To view this newsletter on the Web, go to www.ccel.org/newsletter/2/11
In This Issue:
From the Director
I don't know about you, but I associate some books with sensing the presence of God. Reading them led me into God's presence. The words seemed to touch my soul. Now I don't know if there is really something special about such books, or whether there are times when God is sensibly close and many books would lead one into God's presence. I've heard that in such a state even the phone book can be spiritually nourishing! At other times, God seems absent, and even the best books leave me dry.
In any case, some books have filled that role for me: the Imitation of Christ, Augustine's Confessions, The Revelations of Julian of Norwich, and others. Such books were the cause of the start of the CCEL, and the original criteria for inclusion in the CCEL included the ability of a book to bring one into God's presence.
What books have filled that role for you? I'd be interested in hearing your comments, and I'll share some of them in a future newsletter. I've set up a discussion forum where you can add your opinion. Perhaps others will read a good book based on your recommendation.
Having trouble finding a certain page you've annotated? The My Annotations page displays a list of all the pages you've marked up with highlights or notes. A link can be found in the upper-right corner of any page, just under your username (you need to be logged in).
Highlights and notes are listed separately, grouped first by book and then by page heading. The text of all notes is shown for quick reference. Simply click on a page heading to return to the place where you made the annotation.
Devotions of Saint Anselm
These devotions, recently added to the CCEL, show that for Anselm, there was no clear separation between devotions and doctrine; his fervent prayer was fueled by his robust theology, and the reverse was also true. An excerpt:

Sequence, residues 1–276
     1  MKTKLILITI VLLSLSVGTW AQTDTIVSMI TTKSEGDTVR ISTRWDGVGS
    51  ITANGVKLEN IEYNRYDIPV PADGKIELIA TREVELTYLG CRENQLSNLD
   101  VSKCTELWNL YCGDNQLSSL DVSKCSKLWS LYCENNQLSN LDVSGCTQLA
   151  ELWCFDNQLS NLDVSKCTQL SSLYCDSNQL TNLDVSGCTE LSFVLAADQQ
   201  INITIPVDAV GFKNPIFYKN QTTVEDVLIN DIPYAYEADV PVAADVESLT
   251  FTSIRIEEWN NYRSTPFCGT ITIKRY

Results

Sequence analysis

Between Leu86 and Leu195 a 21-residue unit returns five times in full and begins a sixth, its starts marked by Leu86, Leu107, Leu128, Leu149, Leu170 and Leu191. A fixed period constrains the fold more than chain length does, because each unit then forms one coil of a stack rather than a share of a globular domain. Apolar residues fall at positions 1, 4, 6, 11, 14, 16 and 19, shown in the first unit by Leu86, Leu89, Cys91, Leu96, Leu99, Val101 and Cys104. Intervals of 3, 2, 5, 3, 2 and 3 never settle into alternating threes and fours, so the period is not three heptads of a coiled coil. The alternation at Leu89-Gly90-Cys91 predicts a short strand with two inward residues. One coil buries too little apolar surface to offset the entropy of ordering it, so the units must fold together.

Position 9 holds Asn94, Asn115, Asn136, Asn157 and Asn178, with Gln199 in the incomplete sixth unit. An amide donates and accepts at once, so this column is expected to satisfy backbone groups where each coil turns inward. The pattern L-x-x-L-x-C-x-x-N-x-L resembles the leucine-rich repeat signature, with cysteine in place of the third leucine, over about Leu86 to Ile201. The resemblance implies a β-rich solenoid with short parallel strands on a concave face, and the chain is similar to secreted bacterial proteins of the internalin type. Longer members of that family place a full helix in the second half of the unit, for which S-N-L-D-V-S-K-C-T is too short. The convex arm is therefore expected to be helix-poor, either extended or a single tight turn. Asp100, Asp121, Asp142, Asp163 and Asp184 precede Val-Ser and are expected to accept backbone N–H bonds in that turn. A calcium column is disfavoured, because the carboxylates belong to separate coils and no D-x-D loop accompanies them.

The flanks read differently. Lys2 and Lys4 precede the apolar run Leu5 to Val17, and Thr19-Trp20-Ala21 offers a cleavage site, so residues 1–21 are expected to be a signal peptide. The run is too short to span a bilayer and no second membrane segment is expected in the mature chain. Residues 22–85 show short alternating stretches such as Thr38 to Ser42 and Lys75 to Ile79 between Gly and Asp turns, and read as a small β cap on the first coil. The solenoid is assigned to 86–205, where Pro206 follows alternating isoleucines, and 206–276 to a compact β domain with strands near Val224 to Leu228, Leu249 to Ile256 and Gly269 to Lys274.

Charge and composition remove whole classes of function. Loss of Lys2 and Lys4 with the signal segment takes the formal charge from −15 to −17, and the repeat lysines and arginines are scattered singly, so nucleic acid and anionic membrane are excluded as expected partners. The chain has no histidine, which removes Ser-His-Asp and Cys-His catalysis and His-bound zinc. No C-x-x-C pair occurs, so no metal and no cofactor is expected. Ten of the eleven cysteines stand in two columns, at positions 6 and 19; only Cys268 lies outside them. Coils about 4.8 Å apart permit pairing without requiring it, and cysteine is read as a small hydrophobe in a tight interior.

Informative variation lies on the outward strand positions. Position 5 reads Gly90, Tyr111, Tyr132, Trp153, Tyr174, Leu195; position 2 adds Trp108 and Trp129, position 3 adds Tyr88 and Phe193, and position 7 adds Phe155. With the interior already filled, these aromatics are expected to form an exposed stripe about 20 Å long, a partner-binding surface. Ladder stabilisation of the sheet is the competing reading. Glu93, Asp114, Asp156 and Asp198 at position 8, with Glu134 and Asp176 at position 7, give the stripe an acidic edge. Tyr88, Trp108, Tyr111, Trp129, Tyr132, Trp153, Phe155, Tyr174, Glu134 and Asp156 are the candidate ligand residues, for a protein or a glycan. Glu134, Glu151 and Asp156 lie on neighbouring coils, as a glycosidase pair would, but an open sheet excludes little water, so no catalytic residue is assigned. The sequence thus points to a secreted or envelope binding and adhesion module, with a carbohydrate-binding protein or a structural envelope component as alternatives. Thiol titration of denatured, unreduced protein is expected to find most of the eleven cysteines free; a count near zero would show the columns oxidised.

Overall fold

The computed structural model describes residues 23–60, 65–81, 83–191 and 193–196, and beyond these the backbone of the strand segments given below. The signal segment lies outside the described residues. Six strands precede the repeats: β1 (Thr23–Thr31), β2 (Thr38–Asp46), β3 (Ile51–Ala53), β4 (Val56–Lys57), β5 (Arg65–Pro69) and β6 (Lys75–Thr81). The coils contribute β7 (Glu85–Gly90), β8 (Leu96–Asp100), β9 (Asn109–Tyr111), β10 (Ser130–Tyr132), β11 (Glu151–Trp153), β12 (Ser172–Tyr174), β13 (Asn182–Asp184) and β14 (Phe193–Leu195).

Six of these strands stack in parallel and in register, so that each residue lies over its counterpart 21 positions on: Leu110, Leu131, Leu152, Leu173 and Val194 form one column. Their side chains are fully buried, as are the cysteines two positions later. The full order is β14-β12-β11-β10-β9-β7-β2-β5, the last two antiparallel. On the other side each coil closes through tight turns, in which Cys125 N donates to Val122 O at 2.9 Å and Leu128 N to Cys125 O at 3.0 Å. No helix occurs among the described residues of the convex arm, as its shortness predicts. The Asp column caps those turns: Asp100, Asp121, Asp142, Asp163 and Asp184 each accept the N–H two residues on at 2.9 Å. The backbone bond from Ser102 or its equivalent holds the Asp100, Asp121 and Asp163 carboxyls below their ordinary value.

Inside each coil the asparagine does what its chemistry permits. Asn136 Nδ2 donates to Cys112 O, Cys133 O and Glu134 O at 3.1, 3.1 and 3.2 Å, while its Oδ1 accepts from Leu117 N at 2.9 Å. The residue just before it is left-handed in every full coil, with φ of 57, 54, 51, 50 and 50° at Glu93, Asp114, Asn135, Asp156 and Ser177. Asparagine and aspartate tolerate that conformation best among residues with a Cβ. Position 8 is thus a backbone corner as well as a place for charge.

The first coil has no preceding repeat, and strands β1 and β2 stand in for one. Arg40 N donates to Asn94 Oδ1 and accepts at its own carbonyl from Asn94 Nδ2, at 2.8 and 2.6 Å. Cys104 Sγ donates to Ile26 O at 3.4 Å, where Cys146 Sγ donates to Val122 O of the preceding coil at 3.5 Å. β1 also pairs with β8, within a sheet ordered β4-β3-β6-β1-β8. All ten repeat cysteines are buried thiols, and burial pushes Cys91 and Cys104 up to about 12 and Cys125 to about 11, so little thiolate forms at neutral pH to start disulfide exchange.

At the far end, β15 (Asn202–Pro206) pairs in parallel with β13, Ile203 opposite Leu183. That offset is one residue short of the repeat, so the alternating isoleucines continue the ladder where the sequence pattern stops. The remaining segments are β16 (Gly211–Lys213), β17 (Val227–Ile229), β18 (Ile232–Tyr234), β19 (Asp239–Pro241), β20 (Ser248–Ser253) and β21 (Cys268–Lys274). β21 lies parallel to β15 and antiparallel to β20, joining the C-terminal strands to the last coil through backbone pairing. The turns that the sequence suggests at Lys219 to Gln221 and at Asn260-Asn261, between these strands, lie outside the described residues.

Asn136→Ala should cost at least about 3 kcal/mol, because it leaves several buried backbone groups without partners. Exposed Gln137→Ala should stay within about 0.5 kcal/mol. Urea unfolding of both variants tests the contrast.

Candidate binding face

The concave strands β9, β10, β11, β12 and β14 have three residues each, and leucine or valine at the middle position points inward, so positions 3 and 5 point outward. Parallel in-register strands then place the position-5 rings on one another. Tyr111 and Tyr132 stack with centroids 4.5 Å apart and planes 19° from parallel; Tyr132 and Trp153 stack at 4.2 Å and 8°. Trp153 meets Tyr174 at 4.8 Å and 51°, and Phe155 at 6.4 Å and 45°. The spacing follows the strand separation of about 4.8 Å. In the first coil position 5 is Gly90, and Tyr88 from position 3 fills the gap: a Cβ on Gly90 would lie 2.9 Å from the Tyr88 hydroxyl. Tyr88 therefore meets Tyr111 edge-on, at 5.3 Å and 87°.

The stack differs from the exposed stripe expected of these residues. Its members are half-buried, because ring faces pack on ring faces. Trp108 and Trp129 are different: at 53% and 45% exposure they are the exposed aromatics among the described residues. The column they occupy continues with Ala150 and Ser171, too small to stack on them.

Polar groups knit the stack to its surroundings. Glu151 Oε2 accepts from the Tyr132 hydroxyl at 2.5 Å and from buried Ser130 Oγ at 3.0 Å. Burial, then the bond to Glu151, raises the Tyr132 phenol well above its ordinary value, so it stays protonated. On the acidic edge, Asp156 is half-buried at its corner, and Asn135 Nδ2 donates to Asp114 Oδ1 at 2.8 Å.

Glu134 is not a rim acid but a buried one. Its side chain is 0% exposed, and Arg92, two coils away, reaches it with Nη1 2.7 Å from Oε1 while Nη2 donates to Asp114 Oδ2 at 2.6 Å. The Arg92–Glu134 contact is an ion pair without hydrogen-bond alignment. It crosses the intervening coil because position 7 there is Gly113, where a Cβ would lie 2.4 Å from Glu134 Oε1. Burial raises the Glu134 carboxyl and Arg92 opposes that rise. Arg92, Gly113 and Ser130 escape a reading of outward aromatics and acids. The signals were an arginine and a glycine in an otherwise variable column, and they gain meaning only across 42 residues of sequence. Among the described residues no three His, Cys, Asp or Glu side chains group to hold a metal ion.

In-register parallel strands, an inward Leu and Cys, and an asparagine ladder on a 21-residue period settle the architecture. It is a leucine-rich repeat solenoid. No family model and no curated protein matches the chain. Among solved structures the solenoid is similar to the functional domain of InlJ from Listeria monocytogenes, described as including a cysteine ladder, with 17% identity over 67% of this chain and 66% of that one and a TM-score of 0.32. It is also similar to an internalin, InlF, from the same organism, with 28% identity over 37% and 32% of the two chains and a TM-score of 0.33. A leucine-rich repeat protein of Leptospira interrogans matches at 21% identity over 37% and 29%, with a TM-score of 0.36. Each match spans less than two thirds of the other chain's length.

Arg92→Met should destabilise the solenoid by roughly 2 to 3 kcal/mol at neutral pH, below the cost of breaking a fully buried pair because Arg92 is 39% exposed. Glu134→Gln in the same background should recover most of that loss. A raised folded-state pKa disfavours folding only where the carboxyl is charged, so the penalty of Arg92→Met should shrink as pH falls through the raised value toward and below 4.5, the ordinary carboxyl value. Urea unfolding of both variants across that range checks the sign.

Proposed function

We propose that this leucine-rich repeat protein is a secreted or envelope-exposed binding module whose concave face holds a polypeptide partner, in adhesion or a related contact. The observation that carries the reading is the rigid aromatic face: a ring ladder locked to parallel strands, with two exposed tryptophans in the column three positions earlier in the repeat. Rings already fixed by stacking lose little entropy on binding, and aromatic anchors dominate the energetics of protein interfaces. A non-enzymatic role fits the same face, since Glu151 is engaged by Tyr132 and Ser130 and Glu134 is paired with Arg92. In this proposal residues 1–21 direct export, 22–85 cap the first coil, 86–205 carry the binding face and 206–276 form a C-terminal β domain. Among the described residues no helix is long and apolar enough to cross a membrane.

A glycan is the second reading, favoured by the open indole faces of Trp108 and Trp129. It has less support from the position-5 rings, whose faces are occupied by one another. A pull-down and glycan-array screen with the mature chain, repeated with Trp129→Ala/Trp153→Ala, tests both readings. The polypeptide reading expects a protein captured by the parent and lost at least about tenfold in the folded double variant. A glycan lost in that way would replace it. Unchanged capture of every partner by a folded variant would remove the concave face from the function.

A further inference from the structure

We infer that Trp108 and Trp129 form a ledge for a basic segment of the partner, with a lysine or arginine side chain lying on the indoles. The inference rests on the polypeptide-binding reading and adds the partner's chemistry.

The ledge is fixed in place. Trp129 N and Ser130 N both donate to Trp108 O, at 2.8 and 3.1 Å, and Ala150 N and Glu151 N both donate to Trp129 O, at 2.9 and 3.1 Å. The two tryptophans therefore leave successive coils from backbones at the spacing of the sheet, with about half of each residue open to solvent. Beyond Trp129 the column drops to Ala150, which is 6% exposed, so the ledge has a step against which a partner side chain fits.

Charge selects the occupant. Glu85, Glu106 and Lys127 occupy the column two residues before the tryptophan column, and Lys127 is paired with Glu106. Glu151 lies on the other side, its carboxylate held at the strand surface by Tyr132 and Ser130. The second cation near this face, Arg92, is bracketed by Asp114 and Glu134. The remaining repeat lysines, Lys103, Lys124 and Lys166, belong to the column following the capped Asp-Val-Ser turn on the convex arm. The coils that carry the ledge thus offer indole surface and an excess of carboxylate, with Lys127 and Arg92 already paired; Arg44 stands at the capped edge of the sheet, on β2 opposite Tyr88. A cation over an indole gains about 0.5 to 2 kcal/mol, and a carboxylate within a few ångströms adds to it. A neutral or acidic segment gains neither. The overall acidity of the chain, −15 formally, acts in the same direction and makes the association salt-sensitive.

Awake, my soul, awake! show your spirit, arouse your senses, shake off the sluggishness of that deadly heaviness that is upon you, begin to take care for your salvation. Let the idleness of vain imaginations be put to flight, let go of sloth, hold fast to diligence. Be instant in holy meditations, cleave to the good things which are of God: leaving that which is temporal, give heed to that which is eternal. Now in this godly employment of your mind, to what can you turn your thoughts more wholesomely and profitably than to the sweet contemplations of your Creator's immeasurable benefits toward you. Consider therefore the greatness and dignity that he bestowed upon you at the beginning of your creation; and judge for yourself with what love and reverence he ought to be worshipped.
Read this classic at the CCEL
An affordable shelf of books
I am a poor, obscure country preacher who has gone through a university and seminary. Ever since I graduated from seminary in 1988, I really missed the books I had easy access to as a student. I have a reasonably good library bought on my limited budget, but not even a fraction of the books I used in the university and seminary. The university is about an hour one way away from home, so it is not at all convenient to get to their library. I don't have money to buy all those books I could pick off the shelf and read back then. That's why I love this website: I feel like I'm back in school again!
How have you used the CCEL to deepen your research, discover new voices, and enliven your faith? Submit a usage testimonial.
Free Christmas Gift Wrap
The CCEL CDs make wonderful Christmas gifts—demonstrating caring and warmth. They are the perfect gift for your pastor, Bible study leader, favorite student or friend. In the CCEL store, you can find Christian searchable text CDs, Bible study software and Christian audio books ranging from $5 to $500.
Through December 14, 2007, CCEL is offering free Christmas gift wrapping of all CDs purchased. Simply add the free gift wrap product to your CCEL shopping cart and your CD(s) will arrive on your doorstep individually wrapped for Christmas.
Classic Reflections on Giving Thanks
Make a joyful noise. The Psalmist refers only to that part of the service of God which consists in recounting his benefits and giving thanks. And since he invites the whole of the inhabitants of the earth indiscriminately to praise the Lord, he seems, in the spirit of prophecy, to refer to the period when the Church would be gathered out of different nations. Hence he commands (verse 2) that God should be served with gladness, intimating that his kindness towards his own people is so great as to furnish them with abundant ground for rejoicing. This is better expressed in the third verse, in which he first reprehends the presumption of those who had wickedly revolted from the true God. ... We can never be at a loss for constant cause of praising him. It would be the basest ingratitude on our part, if we wearied in rendering to God the tribute of praise to which he is entitled.
Read this classic at the CCEL.
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